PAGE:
The world economy is in the grips of a dangerous delusion. As the great boom that began in the 1990s gave way to an even greater bust, policymakers resorted to the timeworn tricks of financial engineering in an effort to recapture the magic. In doing so, they turned an unbalanced global economy into the Petri dish of the greatest experiment in the modern history of economic policy. They were convinced that it was a controlled experiment. Nothing could be further from the truth.
It seems yet another hero of the recent cyclical bull market, resp. echo bubble, may be in danger of falling from grace. This has already happened to his predecessor Alan Greenspan, who has been gradually demoted from “Maestro” to “irresponsible bubble blower”. In this sense the somewhat less praise-laden verdicts that are lately emerging with respect to Ben Bernanke could be seen as an early warning sign.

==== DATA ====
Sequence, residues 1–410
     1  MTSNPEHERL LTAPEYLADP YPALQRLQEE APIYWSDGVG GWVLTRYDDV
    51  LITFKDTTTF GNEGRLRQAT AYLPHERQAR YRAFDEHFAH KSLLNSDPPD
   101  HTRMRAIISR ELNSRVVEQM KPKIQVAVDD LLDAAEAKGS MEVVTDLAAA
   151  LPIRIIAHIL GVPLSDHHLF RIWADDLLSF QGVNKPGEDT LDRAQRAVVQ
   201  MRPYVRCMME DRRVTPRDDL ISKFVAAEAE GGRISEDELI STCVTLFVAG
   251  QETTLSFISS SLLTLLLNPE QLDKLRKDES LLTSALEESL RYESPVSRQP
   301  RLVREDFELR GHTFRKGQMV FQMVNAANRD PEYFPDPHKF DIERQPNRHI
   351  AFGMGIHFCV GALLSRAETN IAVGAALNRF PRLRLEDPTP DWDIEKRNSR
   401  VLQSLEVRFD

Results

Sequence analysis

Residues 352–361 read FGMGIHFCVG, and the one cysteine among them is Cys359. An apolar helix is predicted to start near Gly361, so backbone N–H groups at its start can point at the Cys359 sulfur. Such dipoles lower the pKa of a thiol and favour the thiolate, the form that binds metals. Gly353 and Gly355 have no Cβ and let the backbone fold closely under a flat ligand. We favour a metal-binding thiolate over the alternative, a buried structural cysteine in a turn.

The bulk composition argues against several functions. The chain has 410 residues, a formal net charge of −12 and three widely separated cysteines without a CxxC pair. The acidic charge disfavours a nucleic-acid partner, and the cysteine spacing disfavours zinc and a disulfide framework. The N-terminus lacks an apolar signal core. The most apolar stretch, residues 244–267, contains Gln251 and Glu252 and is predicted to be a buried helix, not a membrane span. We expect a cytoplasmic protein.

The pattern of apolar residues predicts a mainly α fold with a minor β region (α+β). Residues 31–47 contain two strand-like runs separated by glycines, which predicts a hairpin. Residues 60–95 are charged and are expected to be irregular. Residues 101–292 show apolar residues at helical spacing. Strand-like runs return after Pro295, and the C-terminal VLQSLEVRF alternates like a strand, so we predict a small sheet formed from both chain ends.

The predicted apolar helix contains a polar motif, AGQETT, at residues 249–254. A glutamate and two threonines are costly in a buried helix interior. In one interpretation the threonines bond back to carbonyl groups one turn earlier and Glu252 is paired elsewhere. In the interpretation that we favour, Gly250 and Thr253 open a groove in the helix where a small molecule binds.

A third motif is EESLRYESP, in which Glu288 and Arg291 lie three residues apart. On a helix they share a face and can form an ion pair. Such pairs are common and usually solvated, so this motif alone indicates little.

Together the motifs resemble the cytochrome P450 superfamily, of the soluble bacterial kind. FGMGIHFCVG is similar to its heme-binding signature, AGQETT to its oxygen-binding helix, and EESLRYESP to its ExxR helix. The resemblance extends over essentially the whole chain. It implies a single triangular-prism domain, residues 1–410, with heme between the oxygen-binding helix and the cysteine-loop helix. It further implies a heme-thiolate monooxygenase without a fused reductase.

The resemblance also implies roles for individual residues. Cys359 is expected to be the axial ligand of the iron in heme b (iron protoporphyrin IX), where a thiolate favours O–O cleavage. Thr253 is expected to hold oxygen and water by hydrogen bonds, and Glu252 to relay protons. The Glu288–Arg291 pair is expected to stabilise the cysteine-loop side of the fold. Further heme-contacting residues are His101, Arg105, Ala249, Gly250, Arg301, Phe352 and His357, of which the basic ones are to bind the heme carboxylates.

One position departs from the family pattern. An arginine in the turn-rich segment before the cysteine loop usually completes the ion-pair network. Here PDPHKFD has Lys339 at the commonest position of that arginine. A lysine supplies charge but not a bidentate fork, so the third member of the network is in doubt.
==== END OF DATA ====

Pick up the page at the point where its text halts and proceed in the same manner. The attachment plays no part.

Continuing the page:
“When does our credit based financial system sputter / break down? When investable assets pose too much risk for too little return. Not immediately, but at the margin, credit and stocks begin to be exchanged for figurative and sometimes literal money in a mattress.” We are approaching that point now as bond yields, credit spreads and stock prices have brought financial wealth forward to the point of exhaustion. A rational investor must indeed have a sense of an ending, not another Lehman crash, but a crush of perpetual bull market enthusiasm.